The Monthly Newsletter of Chelmsford YHA Local Group
Castles & Coastal Breezes
After a sunny Easter, surely it wasn’t possible to have a sunny May Bank Holiday as well? After a fairly traditional Friday evening drive to Litton Cheney in Dorset, most of us arrived in time for a slap-up meal in the pub. It was literally staggering distance from the hostel, so a couple of beers were definitely in order. This may have impaired our judgement as there was quite an outbreak of puddings – the substantial kind that normally require an energetic hike to justify, rather than a few hours stuck in Bank Holiday traffic. Still, with three days of hiking ahead of us, where was the harm?
A good night’s sleep and one of Dave’s hearty breakfasts later, we were climbing up onto the downs on our way to Abbotsbury. It was definitely an energetic start to the day, but I’m not entirely convinced it justified the tea shop visit in the old School House. Still it was carb-loading just before another uphill climb to the lofty summit the of St Catherine’s Hill with its 14th century chapel. So that’s got to be OK, right?
From the Chapel we headed downhill to join the Southwest Coastal path, pausing for a little lunch with clear views over Chesil Beach all the way to Portland Bill. The path from here was straight and flat, well right up to where we had to climb back up to Litton Cheney anyway.
Sunday was possibly a little warmer as the wind had died down, so we climbed back up on to the downs heading for Maiden Castle. This iron age hillfort has magnificent ramparts, even after a couple of thousand years, and we managed a quick circuit before the local marathon came through. From here we had clear views to the coast and also to the Hardy Monument, our ultimate destination. Between here and there was a sensational ridge walk and a plunge down into Hells Bottom, which the guidebook described as “delightful”. I’m not sure I’d go that far, but we found a nice spot for lunch before the steep climb back up to the ridge and the 22m stone tower of the Hardy Monument. Built to honour the Hardy associated with Admiral Nelson, rather than the author, the 121 step spiral staircase leads to a viewing platform with spectacular views over the whole of Dorset. This also revealed just how far we still had to go, so we pressed on.
The return leg took us through some lovely villages, spoilt only by the pub closing its doors just as we got there. Grrr! Still, if we had stopped for a beer, dinner would have been very late indeed.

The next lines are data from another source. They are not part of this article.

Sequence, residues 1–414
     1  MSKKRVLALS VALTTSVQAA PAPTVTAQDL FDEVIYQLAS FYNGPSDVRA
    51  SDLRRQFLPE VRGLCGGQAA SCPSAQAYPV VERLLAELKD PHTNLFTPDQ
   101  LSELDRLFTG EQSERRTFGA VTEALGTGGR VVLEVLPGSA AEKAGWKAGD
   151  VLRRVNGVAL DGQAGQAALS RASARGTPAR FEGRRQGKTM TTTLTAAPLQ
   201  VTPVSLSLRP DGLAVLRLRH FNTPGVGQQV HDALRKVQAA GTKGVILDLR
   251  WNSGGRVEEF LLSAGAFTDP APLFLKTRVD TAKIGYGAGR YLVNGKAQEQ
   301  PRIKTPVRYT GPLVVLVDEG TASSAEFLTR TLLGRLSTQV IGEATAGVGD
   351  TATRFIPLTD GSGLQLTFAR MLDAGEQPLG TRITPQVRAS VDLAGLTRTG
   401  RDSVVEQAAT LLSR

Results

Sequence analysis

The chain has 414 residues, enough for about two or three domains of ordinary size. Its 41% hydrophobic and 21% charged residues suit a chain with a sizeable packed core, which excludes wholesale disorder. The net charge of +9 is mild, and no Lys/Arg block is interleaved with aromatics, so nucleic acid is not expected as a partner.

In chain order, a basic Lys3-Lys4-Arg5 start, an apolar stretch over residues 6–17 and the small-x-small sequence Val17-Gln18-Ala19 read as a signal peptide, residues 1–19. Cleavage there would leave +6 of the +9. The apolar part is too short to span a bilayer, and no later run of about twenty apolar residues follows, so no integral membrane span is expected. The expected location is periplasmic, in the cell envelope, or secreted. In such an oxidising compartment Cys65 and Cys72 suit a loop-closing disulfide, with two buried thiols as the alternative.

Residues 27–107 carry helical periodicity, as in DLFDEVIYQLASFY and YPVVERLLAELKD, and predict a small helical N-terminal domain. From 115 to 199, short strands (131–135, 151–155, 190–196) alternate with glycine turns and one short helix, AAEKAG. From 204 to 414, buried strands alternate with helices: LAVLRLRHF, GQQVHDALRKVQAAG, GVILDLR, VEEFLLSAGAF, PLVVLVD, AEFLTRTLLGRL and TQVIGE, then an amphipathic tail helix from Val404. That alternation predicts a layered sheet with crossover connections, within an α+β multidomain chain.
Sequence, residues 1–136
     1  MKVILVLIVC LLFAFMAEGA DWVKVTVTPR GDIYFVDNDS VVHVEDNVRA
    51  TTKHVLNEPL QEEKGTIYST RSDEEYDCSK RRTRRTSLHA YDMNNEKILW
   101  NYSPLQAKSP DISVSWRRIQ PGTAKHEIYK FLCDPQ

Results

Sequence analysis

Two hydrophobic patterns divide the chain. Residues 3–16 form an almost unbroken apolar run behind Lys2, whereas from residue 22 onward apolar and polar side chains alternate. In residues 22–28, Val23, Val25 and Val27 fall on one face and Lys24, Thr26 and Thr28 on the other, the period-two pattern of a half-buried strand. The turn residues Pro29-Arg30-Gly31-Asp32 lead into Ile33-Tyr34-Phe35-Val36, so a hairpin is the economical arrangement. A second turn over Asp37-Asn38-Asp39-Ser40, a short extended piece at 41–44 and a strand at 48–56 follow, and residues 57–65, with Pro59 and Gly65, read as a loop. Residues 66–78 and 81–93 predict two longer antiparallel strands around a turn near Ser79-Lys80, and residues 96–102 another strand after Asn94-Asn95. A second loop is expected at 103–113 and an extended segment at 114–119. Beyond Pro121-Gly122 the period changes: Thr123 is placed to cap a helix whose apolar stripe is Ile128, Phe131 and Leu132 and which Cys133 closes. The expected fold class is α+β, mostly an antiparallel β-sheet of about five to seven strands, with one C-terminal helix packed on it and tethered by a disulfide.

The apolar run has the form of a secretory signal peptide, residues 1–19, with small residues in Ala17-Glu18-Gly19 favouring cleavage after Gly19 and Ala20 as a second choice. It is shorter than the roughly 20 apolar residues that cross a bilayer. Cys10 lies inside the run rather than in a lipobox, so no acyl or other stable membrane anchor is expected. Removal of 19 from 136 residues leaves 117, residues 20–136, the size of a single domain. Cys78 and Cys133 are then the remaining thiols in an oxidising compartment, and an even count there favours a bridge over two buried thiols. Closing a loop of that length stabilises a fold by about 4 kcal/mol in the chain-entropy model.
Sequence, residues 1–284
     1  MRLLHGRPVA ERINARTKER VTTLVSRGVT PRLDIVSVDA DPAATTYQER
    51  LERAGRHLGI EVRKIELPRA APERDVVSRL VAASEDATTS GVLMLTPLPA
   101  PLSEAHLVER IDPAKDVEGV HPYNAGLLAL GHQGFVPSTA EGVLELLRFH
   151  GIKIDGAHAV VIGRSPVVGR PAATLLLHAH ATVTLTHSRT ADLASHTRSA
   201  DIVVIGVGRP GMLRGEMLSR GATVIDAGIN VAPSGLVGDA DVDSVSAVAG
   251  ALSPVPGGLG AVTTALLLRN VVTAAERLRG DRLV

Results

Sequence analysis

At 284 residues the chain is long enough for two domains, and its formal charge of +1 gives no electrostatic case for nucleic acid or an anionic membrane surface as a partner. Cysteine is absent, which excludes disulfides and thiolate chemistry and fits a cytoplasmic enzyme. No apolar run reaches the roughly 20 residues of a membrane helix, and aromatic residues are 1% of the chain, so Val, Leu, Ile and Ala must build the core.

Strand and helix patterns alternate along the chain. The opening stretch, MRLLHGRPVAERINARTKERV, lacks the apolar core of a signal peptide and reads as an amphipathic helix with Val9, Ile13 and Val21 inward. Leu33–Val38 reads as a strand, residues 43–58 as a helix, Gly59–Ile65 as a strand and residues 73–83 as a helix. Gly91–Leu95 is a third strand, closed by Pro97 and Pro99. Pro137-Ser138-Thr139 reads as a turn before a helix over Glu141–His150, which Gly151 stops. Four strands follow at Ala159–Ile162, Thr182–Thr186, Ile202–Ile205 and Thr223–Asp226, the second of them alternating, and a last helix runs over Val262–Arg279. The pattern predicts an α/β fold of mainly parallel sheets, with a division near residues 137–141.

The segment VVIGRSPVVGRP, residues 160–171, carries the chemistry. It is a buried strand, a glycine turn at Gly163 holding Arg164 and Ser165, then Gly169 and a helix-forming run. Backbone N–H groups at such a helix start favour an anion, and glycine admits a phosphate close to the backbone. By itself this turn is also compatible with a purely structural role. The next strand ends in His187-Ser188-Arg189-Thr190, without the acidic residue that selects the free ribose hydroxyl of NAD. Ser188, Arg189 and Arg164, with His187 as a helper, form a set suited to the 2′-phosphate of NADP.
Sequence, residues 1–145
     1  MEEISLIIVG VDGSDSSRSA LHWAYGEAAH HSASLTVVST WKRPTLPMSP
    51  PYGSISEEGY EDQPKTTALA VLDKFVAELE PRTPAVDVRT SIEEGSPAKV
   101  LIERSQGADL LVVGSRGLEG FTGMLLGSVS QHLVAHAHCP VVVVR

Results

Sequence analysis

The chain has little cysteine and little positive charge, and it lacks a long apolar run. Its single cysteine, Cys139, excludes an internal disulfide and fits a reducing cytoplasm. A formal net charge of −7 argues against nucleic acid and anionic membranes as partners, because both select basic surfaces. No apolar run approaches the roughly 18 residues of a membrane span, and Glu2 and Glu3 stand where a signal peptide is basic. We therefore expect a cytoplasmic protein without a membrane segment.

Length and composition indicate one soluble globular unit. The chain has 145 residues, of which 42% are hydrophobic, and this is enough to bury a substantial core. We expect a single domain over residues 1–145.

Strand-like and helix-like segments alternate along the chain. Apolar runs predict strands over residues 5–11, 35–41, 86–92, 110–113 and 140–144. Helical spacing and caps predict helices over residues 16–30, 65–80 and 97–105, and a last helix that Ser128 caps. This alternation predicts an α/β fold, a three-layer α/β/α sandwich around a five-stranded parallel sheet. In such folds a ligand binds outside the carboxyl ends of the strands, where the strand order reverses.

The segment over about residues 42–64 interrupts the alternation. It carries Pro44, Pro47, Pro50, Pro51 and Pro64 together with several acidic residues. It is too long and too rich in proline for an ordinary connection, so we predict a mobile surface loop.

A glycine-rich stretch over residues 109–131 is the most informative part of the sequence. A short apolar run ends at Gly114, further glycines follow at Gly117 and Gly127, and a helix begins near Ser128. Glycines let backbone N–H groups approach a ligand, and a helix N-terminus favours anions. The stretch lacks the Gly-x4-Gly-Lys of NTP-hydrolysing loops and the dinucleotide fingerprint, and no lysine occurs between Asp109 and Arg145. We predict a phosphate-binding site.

Bank Holiday Monday was time to head home, so our group split up with different ideas on how to spend our last day. It was another sunny one, possibly the best one yet, so a group of us decided to climb up another hillfort. Eggardon Hill is much smaller than Maiden Castle, but it certainly packed a punch. High on a promontory, it had spectacular views all the way out to the coast and the earth banks stood out clearly. Picking a route down into the valley was tricky, proving just how good a defence it was. The route took us down through ancient farms and smugglers dens before we found a playing field for our lunch. The club hut was open, so we borrowed chairs and ate our sandwiches in relative luxury. More was to follow when we walked on into the village and found a pub that was not only open, but had good beer and a lovely beer garden. Suitably relaxed the remaining route took us along sunken lanes and through bluebell woods before regaining the ridge at the end. It was a great end to the weekend and we couldn’t help but be a little sad to leave. Or perhaps that was the thought of all that traffic on the way home……?
Anyone for Cheese?
Any one who has catered for the group will have stressed over quantities - balancing unnecessary waste against the shame of short portions. Chris was faced with just such a dilemma at Easter with her cheese and biscuits. This was a popular choice of pudding after her triumphant veggie lasagne, so we were very glad there was enough left over for a second night. And enough to take home and freeze to revisit us again at May Bank Holiday. Twice. Still a bit left, so we shared it with our fellow hostellers. Chris, that was a lot of cheese!
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